In Ellicott City, where the past is regularly documented with exhibits, events and "living history" participants in period dress, a new walking tour reveals some overlooked workers, property owners and entrepreneurs - all of them women.
"I'm a little more interested in the ladies," said Adele Air, historic sites programs coordinator for the county Department of Recreation and Parks and leader of the tour. "They don't get recognition off the bat."
Air has offered the Women of Ellicott Mills tour - which uses the town's former name - since March.
Dressed in the style of the late 1700s, with a long skirt and a vest over a cotton shift and a simple white bonnet, she starts at the Thomas Isaac Log Cabin on Main Street, which was built about 1780 and now houses demonstrations and historical artifacts. She seeks shady spots along the sidewalk - and waits occasionally for large trucks to roar down Main Street - as she points out the locations of previous taverns, offices and businesses, and tells of residents from past centuries.
Molly Walsh, a milkmaid who came from England to Maryland to serve her punishment for a crime in the early 1700s, married a slave she freed and taught her family basic reading and writing. Her daughter also married a freed slave, and her grandson, Benjamin Banneker, became a well-known scientist.
Deborah Disney ran a hotel and tavern in the mid-1800s. Despite strict divorce laws of that time, Ann Hunt retained her property and ran a millinery business. Elizabeth Feelmyer taught school to support four children while her husband went west in search of gold.
The information in the tour was gleaned over years of research at the Howard County Historical Society and the Maryland Archives, as well as through family records and networking with other historians.
Air said plenty of history remains to be discovered with more funding and time. "We'll never ... run out of information," she said, adding, "We find women's history in odd places." Insane asylums, she said, are one example.
The tour is one stop on the Maryland Women's Heritage Trail, outlined by the State Department of Education and the Maryland Commission for Women. The trail is part of the groups' annual efforts to provide women's history materials to schools, libraries and communities.
In addition to Ellicott City, the trail contains about 250 other sites across all of Maryland's counties and in Baltimore, said Linda Shevitz, coordinator of the Women's History Project. And it includes many fascinating women.
Some were in unusual roles for their times, such as business owners, coal miners and waterwomen, Shevitz said. Others illustrate the daily roles women played in the lives of their families and communities.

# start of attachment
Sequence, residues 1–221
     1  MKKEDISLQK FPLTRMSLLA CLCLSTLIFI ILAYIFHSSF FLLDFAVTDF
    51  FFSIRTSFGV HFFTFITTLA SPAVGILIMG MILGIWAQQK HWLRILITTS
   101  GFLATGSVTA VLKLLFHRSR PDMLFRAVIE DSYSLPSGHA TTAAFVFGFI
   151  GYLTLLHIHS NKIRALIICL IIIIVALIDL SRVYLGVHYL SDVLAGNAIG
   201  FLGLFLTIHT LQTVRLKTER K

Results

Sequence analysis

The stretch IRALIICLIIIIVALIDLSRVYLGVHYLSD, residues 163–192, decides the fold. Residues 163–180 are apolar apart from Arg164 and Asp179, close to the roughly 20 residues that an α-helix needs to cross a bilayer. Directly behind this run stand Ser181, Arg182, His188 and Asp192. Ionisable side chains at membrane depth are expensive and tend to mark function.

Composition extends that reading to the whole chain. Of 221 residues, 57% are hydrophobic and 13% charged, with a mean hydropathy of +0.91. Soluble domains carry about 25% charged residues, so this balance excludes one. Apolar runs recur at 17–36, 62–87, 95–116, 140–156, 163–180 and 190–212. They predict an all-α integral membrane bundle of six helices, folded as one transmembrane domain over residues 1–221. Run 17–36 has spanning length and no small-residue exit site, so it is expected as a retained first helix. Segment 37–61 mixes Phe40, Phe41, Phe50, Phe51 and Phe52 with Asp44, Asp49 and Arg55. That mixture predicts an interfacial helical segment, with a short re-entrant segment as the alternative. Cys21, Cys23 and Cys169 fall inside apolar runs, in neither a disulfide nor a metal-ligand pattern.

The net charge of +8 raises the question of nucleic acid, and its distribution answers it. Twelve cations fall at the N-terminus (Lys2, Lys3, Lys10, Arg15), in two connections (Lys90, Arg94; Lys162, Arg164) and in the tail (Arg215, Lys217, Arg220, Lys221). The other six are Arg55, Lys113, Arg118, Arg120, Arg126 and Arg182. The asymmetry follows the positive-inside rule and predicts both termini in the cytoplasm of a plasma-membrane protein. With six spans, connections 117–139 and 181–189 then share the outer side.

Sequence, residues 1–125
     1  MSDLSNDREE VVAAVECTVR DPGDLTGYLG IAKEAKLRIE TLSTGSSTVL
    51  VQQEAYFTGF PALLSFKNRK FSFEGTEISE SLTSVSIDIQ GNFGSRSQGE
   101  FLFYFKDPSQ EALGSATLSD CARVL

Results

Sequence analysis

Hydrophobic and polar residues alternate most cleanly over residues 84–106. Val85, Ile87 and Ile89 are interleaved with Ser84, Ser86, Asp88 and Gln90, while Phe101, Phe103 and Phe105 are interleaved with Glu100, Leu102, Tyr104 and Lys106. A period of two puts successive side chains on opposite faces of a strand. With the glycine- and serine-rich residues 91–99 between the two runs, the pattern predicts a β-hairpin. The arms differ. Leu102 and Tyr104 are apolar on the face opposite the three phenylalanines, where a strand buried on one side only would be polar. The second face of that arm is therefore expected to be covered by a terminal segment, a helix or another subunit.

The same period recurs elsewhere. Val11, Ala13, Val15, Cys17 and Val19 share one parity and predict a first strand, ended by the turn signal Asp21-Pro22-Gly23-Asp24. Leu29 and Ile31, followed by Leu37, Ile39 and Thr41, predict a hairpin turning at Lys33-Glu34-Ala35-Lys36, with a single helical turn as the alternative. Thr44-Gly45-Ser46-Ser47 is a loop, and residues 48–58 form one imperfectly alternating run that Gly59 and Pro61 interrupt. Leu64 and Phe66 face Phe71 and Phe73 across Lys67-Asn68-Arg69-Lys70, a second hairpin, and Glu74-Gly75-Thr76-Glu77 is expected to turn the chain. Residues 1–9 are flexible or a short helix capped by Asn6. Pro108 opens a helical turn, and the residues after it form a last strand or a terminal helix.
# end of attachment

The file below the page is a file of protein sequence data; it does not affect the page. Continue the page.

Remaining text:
"Women traditionally have been the conveyers of culture from one generation to the next and have been in the forefront of social reform," Shevitz said. Women in Maryland started the first bookmobile, ran adult education classes for immigrants and pushed for the first laws in the country allowing women to have lines of credit, she said.
In Ellicott City, the women's tour is one piece in a larger series of activities to promote local history. The Historic Ellicott City Consortium, an initiative of the Howard County Department of Recreation and Parks, coordinates efforts at locations throughout the town. Members include the B&O; Railroad Station Museum, the Fire House Museum, the restored Ellicott City Colored School and others.
In addition to serving as a starting point for the women's tour, the Isaac cabin periodically features volunteers portraying women from Ellicott City's past. Demonstrations of spinning, making lace and other crafts are held, and Air leads a Civil War on Main Street tour most days at 12:15 p.m.
Rachelina Bonacci, executive director of the Howard County Tourism Council, praised efforts to bring local history alive.
"Living history is part of a trend away from exhibits toward a multimedia approach so the visitor can see, touch, hear, smell and even taste the way life once was," Bonacci said in an e-mail.
She said such interaction is especially important in appealing to younger visitors.
Those efforts can complement other historical activities in the area, said Jacquelyn Galke, executive director of Patapsco Female Institute Historic Park, which is part of the historic consortium.
Staff members there focus on the history of Almira Hart Lincoln Phelps, a leader in women's education. Phelps educated some of the women in Air's stories.
"I think its really important to share the stories of the women of that time because clearly the women we do know about ... had a tremendous vision for women," she said, "even though they did it very quietly."